Forum for Science, Industry and Business

Sponsored by:     3M 
Search our Site:

 

Cells can read damaged DNA without missing a beat

10.02.2010
Scientists have shown that cells' DNA-reading machinery can skim through certain kinds of damaged DNA without skipping any letters in the genetic "text." The studies, performed in bacteria, suggest a new mechanism that can allow bacteria to develop resistance to antibiotics.

The results were published online this week in the Proceedings of the National Academy of Sciences. The senior author is Paul Doetsch, PhD, professor of biochemistry and radiation oncology at Emory University School of Medicine and associate director for basic research at Winship Cancer Institute of Emory University.

Working with Doetsch, graduate student Cheryl Clauson examined the ability of RNA polymerase (the enzyme that transcribes, or makes RNA from DNA) to handle damaged DNA templates.

RNA polymerase reads one strand of the double helix and assembles RNA that is complementary to that strand. In test tube experiments, when the enzyme comes to a gap or a blank space, it keeps reading but leaves out letters across from the damaged stretch. In contrast, in cells, RNA polymerase puts a random letter (preferring A) across from the gap.

"We were surprised to find that the transcription machinery rolls right over the damaged portion," Doetsch says. "This shows that if the cell initiates, but doesn't complete repair, it still can lead to mutagenesis."

Clauson says a challenge in planning her experiments was finding a way to sensitively detect when RNA polymerase reads through DNA damage.

She loaded damaged DNA into a gene that encodes an enzyme from fireflies, which generates light-emitting chemicals, and then introduced that gene into bacteria. A full working enzyme is produced only if RNA polymerase bypasses the DNA damage without skipping any letters.

DNA in every type of cell, whether bacterial, plant or animal, is constantly being damaged by heat, oxygen and radiation. In addition, all cells make RNA from some of their genes to produce proteins and carry out their normal functions. Cells periodically copy their DNA before dividing, but only if conditions are right for them to grow.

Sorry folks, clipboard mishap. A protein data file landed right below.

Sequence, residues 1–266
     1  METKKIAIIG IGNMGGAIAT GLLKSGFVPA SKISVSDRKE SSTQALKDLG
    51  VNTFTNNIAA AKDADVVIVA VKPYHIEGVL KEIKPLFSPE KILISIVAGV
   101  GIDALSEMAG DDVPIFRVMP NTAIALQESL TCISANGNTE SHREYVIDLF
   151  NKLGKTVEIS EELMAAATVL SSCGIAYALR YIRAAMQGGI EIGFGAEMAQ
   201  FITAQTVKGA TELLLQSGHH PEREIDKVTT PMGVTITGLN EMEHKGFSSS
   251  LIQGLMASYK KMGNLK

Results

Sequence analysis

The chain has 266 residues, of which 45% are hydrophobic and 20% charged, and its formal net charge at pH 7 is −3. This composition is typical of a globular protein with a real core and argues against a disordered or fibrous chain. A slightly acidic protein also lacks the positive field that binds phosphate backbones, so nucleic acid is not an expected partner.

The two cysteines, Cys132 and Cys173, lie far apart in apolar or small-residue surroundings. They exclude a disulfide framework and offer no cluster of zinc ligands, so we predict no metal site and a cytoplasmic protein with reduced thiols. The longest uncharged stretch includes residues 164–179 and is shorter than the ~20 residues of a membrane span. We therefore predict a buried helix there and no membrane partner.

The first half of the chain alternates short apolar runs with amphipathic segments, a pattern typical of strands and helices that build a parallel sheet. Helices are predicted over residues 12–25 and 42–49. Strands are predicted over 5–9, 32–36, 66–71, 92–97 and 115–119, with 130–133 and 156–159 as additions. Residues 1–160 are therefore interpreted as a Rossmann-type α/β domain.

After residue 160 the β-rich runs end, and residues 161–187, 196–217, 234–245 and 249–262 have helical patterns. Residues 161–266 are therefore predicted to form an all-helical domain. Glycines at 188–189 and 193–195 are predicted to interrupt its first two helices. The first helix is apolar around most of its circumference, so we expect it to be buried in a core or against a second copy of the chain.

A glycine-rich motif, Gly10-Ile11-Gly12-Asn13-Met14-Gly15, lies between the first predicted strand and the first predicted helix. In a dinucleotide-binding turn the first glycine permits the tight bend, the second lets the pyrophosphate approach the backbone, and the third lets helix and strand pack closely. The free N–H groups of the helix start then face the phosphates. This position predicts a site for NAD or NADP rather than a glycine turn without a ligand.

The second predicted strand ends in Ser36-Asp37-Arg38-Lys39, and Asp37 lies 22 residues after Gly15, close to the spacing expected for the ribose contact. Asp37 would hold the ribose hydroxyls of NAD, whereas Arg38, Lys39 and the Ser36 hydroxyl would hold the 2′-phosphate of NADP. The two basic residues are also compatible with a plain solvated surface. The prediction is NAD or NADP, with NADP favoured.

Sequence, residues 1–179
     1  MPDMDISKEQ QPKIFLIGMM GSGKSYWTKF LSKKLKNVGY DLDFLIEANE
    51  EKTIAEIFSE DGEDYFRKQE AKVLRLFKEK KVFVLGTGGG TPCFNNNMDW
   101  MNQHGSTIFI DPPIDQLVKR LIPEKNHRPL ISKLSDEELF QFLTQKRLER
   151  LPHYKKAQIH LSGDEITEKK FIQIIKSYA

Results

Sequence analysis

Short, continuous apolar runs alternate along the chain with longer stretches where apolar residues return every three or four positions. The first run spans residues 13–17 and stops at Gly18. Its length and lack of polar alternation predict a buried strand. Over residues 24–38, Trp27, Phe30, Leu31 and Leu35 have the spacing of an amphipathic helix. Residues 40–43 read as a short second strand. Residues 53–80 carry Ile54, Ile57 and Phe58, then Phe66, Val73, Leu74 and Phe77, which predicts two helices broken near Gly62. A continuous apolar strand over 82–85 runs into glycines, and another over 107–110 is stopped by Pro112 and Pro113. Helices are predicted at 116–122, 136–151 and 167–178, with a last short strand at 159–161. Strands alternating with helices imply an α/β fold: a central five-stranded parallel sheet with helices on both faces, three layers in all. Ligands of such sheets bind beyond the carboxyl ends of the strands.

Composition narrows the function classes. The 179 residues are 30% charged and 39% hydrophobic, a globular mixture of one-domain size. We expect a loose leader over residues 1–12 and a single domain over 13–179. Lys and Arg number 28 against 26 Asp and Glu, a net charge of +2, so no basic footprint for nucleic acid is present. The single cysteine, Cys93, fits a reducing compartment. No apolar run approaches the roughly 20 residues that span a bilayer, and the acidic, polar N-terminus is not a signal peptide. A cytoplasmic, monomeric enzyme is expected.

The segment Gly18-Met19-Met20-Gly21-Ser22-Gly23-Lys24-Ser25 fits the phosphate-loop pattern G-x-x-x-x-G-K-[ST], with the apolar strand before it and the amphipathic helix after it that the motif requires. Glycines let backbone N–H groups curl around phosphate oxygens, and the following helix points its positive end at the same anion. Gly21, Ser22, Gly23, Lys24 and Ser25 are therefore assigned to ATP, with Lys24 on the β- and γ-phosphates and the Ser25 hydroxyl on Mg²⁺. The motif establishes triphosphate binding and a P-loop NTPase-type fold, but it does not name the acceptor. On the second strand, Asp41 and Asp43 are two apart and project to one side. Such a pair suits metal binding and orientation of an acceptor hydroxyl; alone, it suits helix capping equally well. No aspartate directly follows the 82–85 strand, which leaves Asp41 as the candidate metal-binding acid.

The experiments were performed in bacteria with mutations disabling some forms of DNA repair, Clauson says.

"This situation may resemble one where something like radiation or a mutagenic chemical has overwhelmed the normal repair mechanisms," she says.

In addition, Clauson used an antibiotic called novobiocin to shut down DNA replication in the bacteria. She says this simulates a more challenging environment when cells are not growing quickly.

"Our ability to see transcriptional mutagenesis in growth-limiting conditions is important," Doetsch says. "Out in the environment, bacteria are not constantly surrounded by the rich mix of nutrients we give them in the lab."

"Because this work hints at a simple mechanism by which bacteria could escape from growth-restricted environments, it has important implications for how pathogenic microorganisms may acquire resistance to antibiotics," he adds. The next phase of these studies for Doetsch and colleagues will be to test whether transcriptional mutagenesis can lead directly to antibiotic resistance in bacteria and other microorganisms.

The research was supported by the National Institutes of Health.

Reference:

C.L. Clauson, K.J. Oestreich, J.W. Austin and P.W. Doetsch. Abasic sites and strand breaks in DNA cause transcriptional mutagenesis in Escherichia coli. PNAS Early Edition (2010)

The Robert W. Woodruff Health Sciences Center of Emory University is an academic health science and service center focused on missions of teaching, research, health care and public service. Its components include the Emory University School of Medicine, Nell Hodgson Woodruff School of Nursing, and Rollins School of Public Health; Yerkes National Primate Research Center; Winship Cancer Institute of Emory University; and Emory Healthcare, the largest, most comprehensive health system in Georgia. Emory Healthcare includes: The Emory Clinic, Emory-Children's Center, Emory University Hospital, Emory University Hospital Midtown, Wesley Woods Center, and Emory University Orthopaedics & Spine Hospital. The Woodruff Health Sciences Center has $2.3 billion in operating expenses, 18,000 employees, 2,500 full-time and 1,500 affiliated faculty, 4,500 students and trainees, and a $5.7 billion economic impact on metro Atlanta.